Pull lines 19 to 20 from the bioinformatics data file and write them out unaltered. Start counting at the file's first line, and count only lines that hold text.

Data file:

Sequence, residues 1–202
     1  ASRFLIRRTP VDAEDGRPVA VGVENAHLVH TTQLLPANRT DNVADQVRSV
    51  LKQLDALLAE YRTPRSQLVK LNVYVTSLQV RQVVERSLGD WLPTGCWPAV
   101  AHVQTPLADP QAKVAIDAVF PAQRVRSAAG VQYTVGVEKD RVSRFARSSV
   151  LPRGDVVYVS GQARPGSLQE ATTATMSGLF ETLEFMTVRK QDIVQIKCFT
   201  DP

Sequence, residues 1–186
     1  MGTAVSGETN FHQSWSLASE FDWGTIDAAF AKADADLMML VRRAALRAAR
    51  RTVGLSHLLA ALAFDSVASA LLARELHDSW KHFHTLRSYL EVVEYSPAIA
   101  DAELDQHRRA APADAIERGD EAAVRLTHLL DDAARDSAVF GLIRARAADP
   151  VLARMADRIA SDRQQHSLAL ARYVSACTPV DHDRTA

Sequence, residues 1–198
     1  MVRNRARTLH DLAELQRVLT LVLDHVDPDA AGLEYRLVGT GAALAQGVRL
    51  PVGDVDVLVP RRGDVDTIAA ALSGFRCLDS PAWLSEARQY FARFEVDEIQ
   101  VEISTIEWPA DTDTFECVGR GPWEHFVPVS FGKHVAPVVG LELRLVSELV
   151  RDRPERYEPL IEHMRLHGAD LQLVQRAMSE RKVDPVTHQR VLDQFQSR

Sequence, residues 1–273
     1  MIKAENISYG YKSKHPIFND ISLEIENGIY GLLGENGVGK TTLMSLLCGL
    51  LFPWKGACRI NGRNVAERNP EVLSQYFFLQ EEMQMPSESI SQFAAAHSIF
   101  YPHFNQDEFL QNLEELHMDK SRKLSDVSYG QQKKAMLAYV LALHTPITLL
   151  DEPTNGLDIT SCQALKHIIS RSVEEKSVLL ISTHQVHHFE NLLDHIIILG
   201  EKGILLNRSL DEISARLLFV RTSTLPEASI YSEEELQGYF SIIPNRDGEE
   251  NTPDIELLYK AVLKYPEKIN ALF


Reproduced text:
    51  LFPWKGACRI NGRNVAERNP EVLSQYFFLQ EEMQMPSESI SQFAAAHSIF
   101  YPHFNQDEFL QNLEELHMDK SRKLSDVSYG QQKKAMLAYV LALHTPITLL